How the pandemic affects our senior population

June 24, 2020

Catholic Social Services (CSS) serves two populations of people: the working-poor and vulnerable seniors. We help working-poor families stabilize and become self-sufficient through case management, mental healthcare, and emergency assistance. We help low-income seniors age with grace and independence through supportive services and community-impact opportunities.

Through the Supportive Services program, CSS removes barriers for low-income seniors who need assistance to maintain their independence and remain safely in their own homes. Our licensed social workers provide individualized care and case management to older adults and their families by helping seniors navigate their benefits, locate transportation services, schedule medical appointments, manage finances, find appropriate housing and more. We can provide these services in their homes, as many are home-bound, especially in rural counties where seniors have even more barriers to accessing care.

Right now, we are all living in an unprecedented and difficult time. The COVID-19 pandemic has impacted all of us and we are all struggling to adjust to this new normal and live our lives as best as we can. However, through everything, it is the most vulnerable of our communities who have been hurt the most. That includes the 3,000 seniors CSS serves annually who were already facing the challenges of aging — such as food insecurity, affordable housing, connecting to resources, living on a fixed income, transportation and social isolation — before the pandemic started.

Due to the Stay at Home order for this at-risk population, many feel trapped within their own homes. Others who were already stuck due to physical or cognitive limitations are now experiencing an even deeper feeling of loneliness. In the craziness of everything, we cannot allow these seniors to feel like they are forgotten. In both instances, it is not only their emotional health that is at risk, but their physical as well; the National Institute on Aging recently reported, “Human beings are social creatures. Our connection to others enables us to survive and thrive. Yet, as we age, many of us are alone more often than when we were younger, leaving us vulnerable to social isolation and loneliness — and related health problems such as cognitive decline, depression, and heart disease.”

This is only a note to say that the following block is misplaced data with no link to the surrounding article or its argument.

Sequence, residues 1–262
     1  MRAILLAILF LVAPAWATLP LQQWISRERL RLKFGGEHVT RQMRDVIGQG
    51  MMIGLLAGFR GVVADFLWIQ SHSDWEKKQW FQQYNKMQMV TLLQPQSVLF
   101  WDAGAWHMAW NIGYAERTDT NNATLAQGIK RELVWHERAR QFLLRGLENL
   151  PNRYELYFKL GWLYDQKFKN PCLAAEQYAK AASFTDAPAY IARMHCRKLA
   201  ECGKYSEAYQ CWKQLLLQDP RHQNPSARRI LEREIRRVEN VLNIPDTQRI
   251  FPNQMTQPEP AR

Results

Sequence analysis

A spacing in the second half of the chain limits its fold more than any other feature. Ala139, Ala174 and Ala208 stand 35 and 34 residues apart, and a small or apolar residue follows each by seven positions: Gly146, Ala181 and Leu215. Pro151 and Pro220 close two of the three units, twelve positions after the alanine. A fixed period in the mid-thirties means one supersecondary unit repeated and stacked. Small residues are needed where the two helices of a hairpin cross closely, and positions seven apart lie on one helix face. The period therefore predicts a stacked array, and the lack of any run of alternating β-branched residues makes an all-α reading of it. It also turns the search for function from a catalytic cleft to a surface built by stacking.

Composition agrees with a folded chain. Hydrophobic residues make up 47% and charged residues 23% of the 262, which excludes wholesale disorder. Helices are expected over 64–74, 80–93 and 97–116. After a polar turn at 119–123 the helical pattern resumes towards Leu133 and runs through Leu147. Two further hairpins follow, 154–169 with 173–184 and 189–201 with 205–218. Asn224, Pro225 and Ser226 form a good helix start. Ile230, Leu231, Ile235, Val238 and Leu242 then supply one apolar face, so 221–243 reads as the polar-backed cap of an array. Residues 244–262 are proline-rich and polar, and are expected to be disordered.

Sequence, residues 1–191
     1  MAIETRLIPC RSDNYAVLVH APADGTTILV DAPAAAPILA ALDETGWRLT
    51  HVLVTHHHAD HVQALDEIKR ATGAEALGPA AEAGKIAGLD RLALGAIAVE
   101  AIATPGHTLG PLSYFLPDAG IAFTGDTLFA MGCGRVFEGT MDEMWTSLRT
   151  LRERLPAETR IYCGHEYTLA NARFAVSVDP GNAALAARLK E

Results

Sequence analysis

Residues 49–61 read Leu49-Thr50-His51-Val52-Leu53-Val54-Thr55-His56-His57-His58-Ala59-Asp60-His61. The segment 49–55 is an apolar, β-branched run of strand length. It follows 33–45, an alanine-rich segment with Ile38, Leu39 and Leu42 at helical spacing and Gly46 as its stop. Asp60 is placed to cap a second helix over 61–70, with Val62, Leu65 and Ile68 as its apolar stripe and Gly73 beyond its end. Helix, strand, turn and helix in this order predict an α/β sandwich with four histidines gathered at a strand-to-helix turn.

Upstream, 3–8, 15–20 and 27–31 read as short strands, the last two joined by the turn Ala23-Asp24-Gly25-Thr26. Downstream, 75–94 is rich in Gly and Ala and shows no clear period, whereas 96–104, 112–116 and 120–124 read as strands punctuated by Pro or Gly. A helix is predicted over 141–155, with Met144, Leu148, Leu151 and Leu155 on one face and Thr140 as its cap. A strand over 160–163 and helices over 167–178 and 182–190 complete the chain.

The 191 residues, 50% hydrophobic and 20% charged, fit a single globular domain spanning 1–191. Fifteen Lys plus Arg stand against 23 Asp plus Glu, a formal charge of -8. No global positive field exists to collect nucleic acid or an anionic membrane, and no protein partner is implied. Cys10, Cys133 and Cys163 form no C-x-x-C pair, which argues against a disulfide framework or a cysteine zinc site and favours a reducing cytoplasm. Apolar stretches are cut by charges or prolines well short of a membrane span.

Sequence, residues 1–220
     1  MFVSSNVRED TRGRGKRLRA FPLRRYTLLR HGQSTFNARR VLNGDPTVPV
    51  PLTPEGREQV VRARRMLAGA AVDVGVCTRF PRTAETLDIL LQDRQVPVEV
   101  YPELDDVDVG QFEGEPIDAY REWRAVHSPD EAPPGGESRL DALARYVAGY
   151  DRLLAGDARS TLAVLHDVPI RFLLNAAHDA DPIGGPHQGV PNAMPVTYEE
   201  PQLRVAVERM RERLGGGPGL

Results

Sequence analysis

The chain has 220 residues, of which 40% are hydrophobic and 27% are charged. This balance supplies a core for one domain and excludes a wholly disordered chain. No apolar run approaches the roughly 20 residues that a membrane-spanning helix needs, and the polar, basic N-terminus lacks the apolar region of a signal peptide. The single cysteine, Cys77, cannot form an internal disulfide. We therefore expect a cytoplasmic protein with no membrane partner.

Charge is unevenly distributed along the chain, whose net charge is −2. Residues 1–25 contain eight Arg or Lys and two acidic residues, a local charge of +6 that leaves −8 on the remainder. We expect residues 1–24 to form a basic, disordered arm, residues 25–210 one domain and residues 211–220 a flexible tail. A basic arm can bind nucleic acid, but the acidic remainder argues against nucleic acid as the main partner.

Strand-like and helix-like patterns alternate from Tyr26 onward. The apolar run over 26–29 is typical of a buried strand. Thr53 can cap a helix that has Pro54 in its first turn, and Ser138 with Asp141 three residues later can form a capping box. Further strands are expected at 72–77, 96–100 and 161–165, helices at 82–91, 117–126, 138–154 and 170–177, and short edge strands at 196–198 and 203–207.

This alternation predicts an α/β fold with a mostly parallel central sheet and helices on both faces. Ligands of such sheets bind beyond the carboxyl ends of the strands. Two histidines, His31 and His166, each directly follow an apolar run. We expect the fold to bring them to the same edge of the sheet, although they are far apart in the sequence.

One of those seniors is Lois, who suffers from Lou Gehrig’s disease, lives on the second floor of a substandard housing building and has trouble doing simple things. Each week, she does her laundry by putting all of it in a pillowcase, throwing it down the stairs and then scooting down each flight of stairs, repeating the act until she finally makes it to the laundry room in the basement. When she’s done, she crawls up the stairs, dragging her laundry in the pillowcase until she’s back at her door.

Lois was recently connected to Tim, one of our licensed social workers. During their meeting, she told him, “I just want to remain independent for as long as I can but live in a home that you would want to live in.” While Tim started to work on finding Lois affordable housing and other needed support, the pandemic hit and many property managers and landlords stopped taking applications. Despite everything, she keeps hope alive as Tim continues to meet virtually with Lois regularly and safely delivers her food boxes and other necessities.

Another senior, Miss Jones, is home-bound with physical limitations and is afraid to leave due to the pandemic. When people swarmed stores and bought toiletries and cleaning items for their homes, they left nothing for Miss Jones, who is on heart medication that acts as a diuretic and creates a greater need for toiletries. Knowing this, Tim called her to let her know he was bringing food and toilet paper. Through her tears, she told Tim, “I never thought that I would cry over toilet paper.”

Additionally, we serve some homeless seniors our social workers would meet in public places regularly to help them find the resources they need. They never gave up before the pandemic hit, and we know that they will not give up after.

These vulnerable seniors represent a small part of the 35,000 clients in 23 counties that we serve at Catholic Social Services. They are the reason that we do what we do, and it is together that we all provide hope.

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